“The key point to make here is how perceptive, how prescient Nolde was in in grasping, so tenaciously, the deep connection between human rights and peace, and with special acuity, the decisive role of religious freedom.” Empirical data, Little said, supports that the orderly development …of robust, liberal political and economic institutions, including protection of the rule of law and equal rights, is “a critical condition of national and international peace, while illiberal or ethnically exclusivist institutions increase the probability of violence,” he said.
Little said that while Nolde’s foundational thinking was built on Christianity, he believed the struggle for human rights “needed a much broader base than that offered by Protestant Christianity, or, even by some inclusive religious perspective. “It demanded an explicitly secular foundation, by which he evidently meant a common, religiously impartial moral space accessible to and obligatory upon all people.” No religion or set of religions becomes privileged with regard to protecting conscience, but rather the freedom of conscience of everyone, religious or not, gets honored. In this regard, Nolde was radically anti-parochial,” Little said. But religious voices were still welcome in the public square.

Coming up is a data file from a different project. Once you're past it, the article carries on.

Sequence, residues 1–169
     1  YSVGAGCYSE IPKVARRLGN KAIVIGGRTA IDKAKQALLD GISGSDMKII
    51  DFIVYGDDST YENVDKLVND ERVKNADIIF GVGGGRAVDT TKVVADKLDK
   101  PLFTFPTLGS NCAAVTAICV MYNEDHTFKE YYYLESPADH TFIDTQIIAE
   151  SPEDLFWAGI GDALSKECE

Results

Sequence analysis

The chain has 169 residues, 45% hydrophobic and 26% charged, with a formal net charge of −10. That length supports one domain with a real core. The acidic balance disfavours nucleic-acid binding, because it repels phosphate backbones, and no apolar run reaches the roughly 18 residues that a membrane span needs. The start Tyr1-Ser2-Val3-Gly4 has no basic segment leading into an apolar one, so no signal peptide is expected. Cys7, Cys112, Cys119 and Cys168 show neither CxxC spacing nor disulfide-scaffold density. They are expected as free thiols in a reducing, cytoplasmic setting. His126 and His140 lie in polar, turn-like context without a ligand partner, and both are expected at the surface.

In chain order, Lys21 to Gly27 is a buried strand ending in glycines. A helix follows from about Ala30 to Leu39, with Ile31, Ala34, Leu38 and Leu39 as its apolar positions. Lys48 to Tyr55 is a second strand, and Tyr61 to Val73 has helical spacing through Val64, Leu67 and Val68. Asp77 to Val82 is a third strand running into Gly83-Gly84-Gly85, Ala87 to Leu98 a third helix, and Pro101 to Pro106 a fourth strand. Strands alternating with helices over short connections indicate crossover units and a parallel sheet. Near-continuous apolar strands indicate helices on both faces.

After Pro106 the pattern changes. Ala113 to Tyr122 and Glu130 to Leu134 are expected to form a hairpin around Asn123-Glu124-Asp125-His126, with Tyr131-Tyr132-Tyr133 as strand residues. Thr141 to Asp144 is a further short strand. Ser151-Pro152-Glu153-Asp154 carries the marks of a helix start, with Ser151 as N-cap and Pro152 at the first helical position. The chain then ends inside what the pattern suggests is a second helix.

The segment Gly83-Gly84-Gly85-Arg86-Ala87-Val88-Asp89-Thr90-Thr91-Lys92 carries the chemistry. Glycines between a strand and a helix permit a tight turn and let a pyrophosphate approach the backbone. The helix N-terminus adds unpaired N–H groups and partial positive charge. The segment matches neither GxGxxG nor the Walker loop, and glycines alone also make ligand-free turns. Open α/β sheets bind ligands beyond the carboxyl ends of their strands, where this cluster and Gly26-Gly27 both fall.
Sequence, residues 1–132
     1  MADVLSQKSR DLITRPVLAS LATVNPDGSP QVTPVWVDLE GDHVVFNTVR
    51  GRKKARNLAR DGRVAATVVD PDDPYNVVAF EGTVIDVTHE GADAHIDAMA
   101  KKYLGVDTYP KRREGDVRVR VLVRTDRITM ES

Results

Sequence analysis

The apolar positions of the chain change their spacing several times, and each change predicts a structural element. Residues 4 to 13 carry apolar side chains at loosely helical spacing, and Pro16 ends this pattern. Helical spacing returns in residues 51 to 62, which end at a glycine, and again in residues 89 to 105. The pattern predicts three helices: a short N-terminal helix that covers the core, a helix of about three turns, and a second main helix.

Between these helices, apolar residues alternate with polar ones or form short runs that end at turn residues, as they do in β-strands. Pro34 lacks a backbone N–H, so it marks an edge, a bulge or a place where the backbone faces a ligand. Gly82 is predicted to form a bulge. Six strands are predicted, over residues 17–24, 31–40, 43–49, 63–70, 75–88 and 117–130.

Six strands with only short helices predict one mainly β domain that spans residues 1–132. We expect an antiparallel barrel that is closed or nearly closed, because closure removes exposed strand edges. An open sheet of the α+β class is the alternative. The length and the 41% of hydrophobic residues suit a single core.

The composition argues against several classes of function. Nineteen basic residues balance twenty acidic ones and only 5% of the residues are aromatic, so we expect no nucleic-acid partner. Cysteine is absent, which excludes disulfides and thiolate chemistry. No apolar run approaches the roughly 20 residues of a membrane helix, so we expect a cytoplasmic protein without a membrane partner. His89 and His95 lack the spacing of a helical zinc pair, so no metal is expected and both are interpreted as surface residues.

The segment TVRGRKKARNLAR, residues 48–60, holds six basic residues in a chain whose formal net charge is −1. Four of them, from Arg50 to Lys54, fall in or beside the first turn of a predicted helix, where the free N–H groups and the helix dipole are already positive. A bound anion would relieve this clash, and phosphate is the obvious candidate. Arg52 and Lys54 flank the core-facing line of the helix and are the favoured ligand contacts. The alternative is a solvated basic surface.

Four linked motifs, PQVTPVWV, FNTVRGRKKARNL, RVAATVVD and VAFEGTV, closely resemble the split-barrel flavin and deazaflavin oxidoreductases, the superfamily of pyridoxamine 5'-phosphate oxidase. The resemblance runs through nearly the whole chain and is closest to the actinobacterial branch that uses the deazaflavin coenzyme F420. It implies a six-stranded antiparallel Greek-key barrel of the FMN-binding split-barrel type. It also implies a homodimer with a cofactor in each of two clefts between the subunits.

Little also singled out for lasting influence Nolde’s dogged work in crafting Chapter 18 of the Universal Declaration of Human Rights, during which time he had frequent exchanges and was on social terms with Eleanor Roosevelt (1948).
In summary, Little mused a bit about the lasting influence and legacy of Ecumenical Protestants: “Whether, after all that has happened to them, those Ecumenicals who are left and still respect their legacy, can help to reclaim the lost center of American religious and political life…remains to be seen.”
Little’s presentation was followed by remarks by a student panel whose seminary experience included field work and study at the United Nations underwritten by the Nolde family. Present for the lecture were Nolde’s widow, Nancy, his daughter, Freddie Berger, and Freddie’s husband, Bruce, and son, Conrad, and many friends of the Nolde initiative.
Student panel moderator Dustin Wright described his internship with the Lutheran Office of World Community at the UN as “the best year of my life.” He described his work as conveying important information from one place to another — where it was needed. He helped the Mexico mission to the UN get a clearer grasp of overall food hunger policy through the information he conveyed, he said. He mentioned the UN has been successful in achieving key goals in connection with its 2015 Millennium Agenda. One goal has been cutting in half since 1990 the number of people in extreme poverty — earning $1.25 or less per day.